BSM Delete Oil Plug Issue

d0u8l3m

Veteran Member
Joined
Jun 16, 2014
Location
Connecticut
TDI
B5.5 Passat
So long story short, had the turbo swapped on the Passat by Mike at 413 auto with a hybrid 1756. Driving the car home on the highway one night during acceleration, engine shuts off. Try to start it and hear a clunk. Eventually got the car home, pulled the head and found that the exhaust manifold gasket was upside down, blocking half of the intake ports.

Mike doesn't think this is what killed the engine, I think it was a pretty big part of it considering we were tuning it for more power.

Anyways I'm prepping another engine, and I got the BSM off and the crank pully on. I'm now on plugging the oil feed for the BSM but I stupidly didn't tap it deep enough and stripped the plug.

I tried what I could to unscrew it without harming the oil pan mating surface but that thing is not coming out. I didn't lock tight it or anything as I was testing to see how deep it went, so the question is do I drill this out and try to use a larger plug or just leave it since it's stuck anyways and grind it flat.





Thanks!
 

Lotawood

Active member
Joined
Oct 17, 2017
Location
montana
TDI
2005 BHW Passat sedan
Stuck in that position doesn't sound bad, unless it is in the way of the oil pan? Did you get plenty of turns of the plug?
 

d0u8l3m

Veteran Member
Joined
Jun 16, 2014
Location
Connecticut
TDI
B5.5 Passat
Stuck in that position doesn't sound bad, unless it is in the way of the oil pan? Did you get plenty of turns of the plug?
Its about halfway in, the face in the plug that mates the face of the Allen key is about flush with the block surface. Not sure if it interferes with the pan yet, I decided to stop after all I could do is mar it up with vice grips.

I got a new plug, so I don't mind having to drill it out, but is there a way that I can drill it and remove it without ruining the threads that are already there now?

Thanks
 

Kravt

Well-known member
Joined
Jul 31, 2018
Location
Lexington, Ky
TDI
2005 Passat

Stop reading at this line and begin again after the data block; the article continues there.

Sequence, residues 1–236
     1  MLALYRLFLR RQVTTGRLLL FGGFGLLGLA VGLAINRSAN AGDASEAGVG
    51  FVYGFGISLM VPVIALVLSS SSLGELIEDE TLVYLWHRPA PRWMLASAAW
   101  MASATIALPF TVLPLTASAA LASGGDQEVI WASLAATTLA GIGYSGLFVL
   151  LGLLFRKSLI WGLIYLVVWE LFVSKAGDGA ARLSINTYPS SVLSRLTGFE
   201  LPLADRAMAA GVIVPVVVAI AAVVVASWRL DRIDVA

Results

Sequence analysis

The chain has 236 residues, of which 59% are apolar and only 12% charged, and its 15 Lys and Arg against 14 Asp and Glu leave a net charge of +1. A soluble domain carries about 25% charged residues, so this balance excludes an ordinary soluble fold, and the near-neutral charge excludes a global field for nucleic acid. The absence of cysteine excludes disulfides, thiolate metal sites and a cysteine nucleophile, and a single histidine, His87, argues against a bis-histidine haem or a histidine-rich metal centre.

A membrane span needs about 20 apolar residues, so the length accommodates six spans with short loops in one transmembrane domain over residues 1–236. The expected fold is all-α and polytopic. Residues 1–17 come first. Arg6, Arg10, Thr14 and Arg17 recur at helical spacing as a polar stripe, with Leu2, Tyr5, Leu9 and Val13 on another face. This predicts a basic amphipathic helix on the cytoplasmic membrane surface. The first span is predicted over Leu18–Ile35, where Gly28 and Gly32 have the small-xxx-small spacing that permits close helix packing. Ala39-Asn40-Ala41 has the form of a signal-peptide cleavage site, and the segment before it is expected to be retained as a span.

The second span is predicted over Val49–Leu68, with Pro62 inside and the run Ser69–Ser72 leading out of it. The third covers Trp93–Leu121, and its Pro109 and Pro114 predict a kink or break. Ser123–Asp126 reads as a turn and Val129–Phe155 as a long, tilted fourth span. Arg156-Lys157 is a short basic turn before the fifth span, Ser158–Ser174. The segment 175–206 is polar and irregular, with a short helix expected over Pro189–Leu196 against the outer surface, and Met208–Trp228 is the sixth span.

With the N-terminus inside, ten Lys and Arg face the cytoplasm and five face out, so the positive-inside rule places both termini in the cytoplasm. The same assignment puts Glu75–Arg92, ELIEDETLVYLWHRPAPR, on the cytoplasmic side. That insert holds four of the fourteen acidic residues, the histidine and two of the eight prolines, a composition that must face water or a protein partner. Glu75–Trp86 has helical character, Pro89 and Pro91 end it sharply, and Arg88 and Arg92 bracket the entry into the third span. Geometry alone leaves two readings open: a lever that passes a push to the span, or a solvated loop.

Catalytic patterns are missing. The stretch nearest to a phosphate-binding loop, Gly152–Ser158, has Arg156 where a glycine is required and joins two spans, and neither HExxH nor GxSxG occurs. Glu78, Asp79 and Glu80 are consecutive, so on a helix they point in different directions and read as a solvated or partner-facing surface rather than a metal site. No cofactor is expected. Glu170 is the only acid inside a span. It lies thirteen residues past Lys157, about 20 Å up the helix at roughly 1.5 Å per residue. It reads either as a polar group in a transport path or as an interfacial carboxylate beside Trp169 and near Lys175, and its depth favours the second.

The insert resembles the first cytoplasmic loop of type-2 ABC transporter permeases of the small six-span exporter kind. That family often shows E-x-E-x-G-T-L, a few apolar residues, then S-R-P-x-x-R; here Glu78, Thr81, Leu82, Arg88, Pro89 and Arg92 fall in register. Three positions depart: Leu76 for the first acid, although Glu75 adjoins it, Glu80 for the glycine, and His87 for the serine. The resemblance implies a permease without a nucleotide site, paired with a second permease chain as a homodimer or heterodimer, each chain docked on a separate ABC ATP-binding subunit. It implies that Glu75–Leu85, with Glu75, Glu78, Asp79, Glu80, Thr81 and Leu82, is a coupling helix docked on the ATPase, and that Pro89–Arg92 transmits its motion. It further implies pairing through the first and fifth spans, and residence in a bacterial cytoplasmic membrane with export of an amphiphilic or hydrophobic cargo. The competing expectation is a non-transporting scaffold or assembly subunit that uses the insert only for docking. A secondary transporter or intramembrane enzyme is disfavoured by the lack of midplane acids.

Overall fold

Drilling always risks messing up the threads, especially if you haven't done that much before. With the plug sticking so far out, you might try cutting a slot in it and then turning it with a big flathead screwdriver and vice grips (bottom of the screw driver handle supported firmly by a floor jack or similar). If you do go the drill route, you might grab some left handed drills of various sizes (smaller than the ID of the plug's threads) and work your way up.
 

stevekris

Veteran Member
Joined
Jan 30, 2005
Location
Indianapolis IN
TDI
beetle 99 silver
Drill it out, it's soft brass. Tap the threads deeper, that's why the plug didn't go in far enough. Get a steel plug instead of the brass.
Hope this helps
 

Lotawood

Active member
Joined
Oct 17, 2017
Location
montana
TDI
2005 BHW Passat sedan
Left handed drill bits are the best. Brass is soft enough to be grabby, which is good with that drill bit.
I remember having a feeling the tap I used was getting harder with deep tapping. Kind of like the passage started curving farther up. Or could be a relief on one side of the passage, IDK. Just less consistent than other things I have tapped before. So I stopped and it worked out with a steel plug. I did use loctite which gives some lubrication before it dries.
Push a little harder if you are using left handed bits. Slow speed close to bogging down. Also if you get a drill bit in there and it doesn't unscrew, maybe the vice grips would work better with an inserted drill bit to back up the middle.
 

d0u8l3m

Veteran Member
Joined
Jun 16, 2014
Location
Connecticut
TDI
B5.5 Passat
Thanks everyone for the advice. I've never had luck with the screw extractor sets but found a nice set at harbor freight with left hand drill bits and extractors.

Worked my way up, got it out, and got it fixed. Appreciate the help!

 
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